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Yolanda Broyles-González was among the first Chicana Yaqui scholars to attain a doctorate degree and to achieve rank of full professor at a major research university, at the University of California at Santa Barbara. She received her doctorate degree in German Studies from Stanford University in German Studies and lived in Germany for 12 years where she helped bring Chicana/o and Latin American literature to a European readership. She corresponded extensively with German intellectuals and also engaged in photojournalism and feature writing while living in Germany. Her photographs from this period in Germany are part of the collection. Dr. Broyles-González has held academic appointments at the University of Texas (in Modern Languages), and at the University of California (Chicana/o Studies and German Studies). She is chairperson/ professor emerita of the Chicana and Chicano Studies Department at the University of California Santa Barbara. She also served as chairperson of the Women Studies Department at the University of Arizona in Tucson from 2004-08. Since 2008 she has been appointed in the Mexican American Studies Department at the University of Arizona. In 1996 she received the Distinguished Scholar Award from the National Association for Chicana & Chicano Studies. After her pay equity lawsuit against the University of California she was honored by President Clinton in the White House.
Dr. Broyles-González’s publications span many areas of borderlands popular culture/performance studies. Her book publications include:
Lydia Mendoza’s Life in Music. La historia de Lydia Mendoza. Norteño Tejano Legacies (2001, 2004, 2006 Oxford University Press); El Teatro Campesino, Theater in the Chicano Movement(1994, UT Press); Re-Emerging Native Women of the Americas: Native Chicana Latina Women’s Studies(2001, Kendall/Hunt); Earth Wisdom. A California Chumash Woman(2011, University of Arizona Press); The German Response to Latin American Literature and the Reception of Jose Luis Borges and Pablo Neruda(1981, Heidelberg) .
Francisco González is a musician, composer, and specialist in Mexican and Chicano music. González was born and rasied in East Los Angeles surrounded by multiple Mexican musical traditions such as Norteño, and Jarocho music, as well as by jazz, rock, and salsa. During the last four decades he has worked in many capacities within Chicano/Mexican music; in performance around the world as a string musician specializing in Mexican harp; a recording artist; as a composer for films; doing lecture demonstrations; and in theater as a musical director for many professional theater productions. He founded, led, and composed the music for Los Lobos in the 1970s. Thereafter, he did award-winning musical direction and composition in Chicano theatrical productions, including five years of musical direction for numerous productions with the legendary El Teatro Campesino. González’s work in musical direction and performance gained widespread recognition. For outstanding musical direction and arrangement he was awarded the San Francisco Chronicle’s Circle Award “for outstanding achievement in the theater.” In the last ten years, González has also written and performed music for various films, such as for Cormack McCarthy’s All the Pretty Horses. Among his recordings are _The Gift/El regalo_and _Viejas Canciones para viejos amigos (Old Songs for Old Friends)._In 2011 González was honored by the Santa Barbara Trust for Historic Preservation with the Pearl Chase Award honored Gonález for his “lifelong dedication to historic preservation and conservation”—as director of the Santa Barbara Pastorela and for his revival of early California musics. In Tucson, Arizona he has been active establishing a Jarocho harp school for youth.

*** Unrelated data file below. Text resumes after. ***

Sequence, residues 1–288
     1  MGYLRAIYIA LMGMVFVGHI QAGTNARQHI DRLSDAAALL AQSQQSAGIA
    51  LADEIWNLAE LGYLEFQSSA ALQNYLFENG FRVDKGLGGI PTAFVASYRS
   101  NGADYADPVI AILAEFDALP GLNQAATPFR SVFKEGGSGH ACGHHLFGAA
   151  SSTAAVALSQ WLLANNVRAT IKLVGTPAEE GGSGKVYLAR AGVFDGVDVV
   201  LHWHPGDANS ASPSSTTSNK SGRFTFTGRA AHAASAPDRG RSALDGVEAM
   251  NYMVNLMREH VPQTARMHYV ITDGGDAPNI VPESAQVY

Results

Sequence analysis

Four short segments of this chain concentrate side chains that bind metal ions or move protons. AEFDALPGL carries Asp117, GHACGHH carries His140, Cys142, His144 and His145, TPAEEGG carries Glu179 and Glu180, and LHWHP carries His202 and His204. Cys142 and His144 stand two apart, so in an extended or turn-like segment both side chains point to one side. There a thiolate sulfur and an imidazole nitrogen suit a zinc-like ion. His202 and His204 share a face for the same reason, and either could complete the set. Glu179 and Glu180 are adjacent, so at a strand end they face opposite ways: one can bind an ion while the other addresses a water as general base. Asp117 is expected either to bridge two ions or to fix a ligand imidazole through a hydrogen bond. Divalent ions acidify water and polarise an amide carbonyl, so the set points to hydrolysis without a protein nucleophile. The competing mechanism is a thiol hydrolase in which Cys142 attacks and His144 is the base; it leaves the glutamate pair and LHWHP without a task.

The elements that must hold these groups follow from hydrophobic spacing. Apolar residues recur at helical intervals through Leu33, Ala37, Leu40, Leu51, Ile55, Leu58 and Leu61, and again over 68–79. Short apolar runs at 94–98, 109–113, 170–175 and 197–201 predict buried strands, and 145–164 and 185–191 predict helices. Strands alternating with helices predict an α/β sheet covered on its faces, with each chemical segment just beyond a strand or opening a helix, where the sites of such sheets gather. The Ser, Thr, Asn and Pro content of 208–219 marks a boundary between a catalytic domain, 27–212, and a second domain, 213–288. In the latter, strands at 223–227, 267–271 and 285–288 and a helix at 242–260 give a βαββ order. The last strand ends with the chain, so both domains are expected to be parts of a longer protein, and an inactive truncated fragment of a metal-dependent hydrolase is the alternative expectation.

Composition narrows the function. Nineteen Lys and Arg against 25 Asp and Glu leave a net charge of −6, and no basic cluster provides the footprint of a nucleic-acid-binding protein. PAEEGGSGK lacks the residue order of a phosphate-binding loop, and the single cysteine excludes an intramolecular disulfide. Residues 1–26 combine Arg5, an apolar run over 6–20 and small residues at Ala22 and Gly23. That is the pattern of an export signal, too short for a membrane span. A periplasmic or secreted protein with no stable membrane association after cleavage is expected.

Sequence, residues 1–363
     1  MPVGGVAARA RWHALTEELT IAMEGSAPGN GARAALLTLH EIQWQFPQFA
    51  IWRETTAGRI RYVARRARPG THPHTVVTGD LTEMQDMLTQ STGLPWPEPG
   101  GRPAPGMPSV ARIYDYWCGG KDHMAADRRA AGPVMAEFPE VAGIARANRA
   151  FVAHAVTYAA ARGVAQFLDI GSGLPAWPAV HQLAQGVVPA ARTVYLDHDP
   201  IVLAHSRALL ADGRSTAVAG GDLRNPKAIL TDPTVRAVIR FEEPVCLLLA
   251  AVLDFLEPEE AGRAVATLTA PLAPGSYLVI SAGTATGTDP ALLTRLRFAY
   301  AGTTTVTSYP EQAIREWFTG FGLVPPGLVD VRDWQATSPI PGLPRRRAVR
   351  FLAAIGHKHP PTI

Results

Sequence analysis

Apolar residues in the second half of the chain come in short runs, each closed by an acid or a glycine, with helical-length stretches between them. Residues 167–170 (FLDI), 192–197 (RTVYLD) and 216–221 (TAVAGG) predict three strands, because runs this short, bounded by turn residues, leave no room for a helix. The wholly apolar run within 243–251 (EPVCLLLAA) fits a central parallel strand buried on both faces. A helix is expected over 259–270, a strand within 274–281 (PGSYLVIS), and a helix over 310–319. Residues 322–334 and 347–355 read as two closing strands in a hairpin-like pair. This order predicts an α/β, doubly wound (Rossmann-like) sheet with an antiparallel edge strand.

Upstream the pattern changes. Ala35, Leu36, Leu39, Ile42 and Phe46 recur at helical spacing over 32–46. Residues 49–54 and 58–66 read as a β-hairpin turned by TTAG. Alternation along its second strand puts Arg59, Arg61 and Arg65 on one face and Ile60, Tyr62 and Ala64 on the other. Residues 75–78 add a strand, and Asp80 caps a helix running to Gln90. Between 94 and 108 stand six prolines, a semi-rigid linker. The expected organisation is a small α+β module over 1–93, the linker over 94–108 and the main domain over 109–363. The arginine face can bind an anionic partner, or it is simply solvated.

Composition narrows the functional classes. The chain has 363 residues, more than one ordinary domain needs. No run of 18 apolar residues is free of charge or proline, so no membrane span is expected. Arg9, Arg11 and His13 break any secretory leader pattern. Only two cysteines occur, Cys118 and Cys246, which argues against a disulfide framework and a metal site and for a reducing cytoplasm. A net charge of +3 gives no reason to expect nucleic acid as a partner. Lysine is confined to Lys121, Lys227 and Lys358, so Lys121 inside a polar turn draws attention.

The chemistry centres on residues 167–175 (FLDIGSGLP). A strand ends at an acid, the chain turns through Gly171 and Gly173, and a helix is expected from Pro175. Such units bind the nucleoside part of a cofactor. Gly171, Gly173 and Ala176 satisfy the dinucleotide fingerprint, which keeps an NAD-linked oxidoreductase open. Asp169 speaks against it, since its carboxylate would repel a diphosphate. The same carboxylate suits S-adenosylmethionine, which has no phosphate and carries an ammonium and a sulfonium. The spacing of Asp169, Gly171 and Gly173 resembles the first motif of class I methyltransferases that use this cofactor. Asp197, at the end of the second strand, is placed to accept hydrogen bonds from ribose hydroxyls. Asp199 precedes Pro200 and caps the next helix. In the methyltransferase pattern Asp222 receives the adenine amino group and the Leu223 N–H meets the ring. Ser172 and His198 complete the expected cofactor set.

In addition to theater and film work, González regularly performs Jarocho and Norteño music at clubs, fiestas, and other social gatherings. He also offers workshops for musicians, and lecture demonstrations on Mexican/Chicano music at universities, schools, and for community groups. González, under the name of Dueto Guadalupe, plays Mexican harp music within the jarocho and ranchera traditions. He performs throughout the country accompanied by his daughter Esmeralda Broyles-González on jarana. In June 2004, González received national recognition from the Smithsonian. He was recognized at the American Folk life Festival for his contributions as a music string craftsman. His custom-made strings produced at Guadalupe Custom Strings in Santa Barbara, California (now in Los Angeles) are distributed internationally.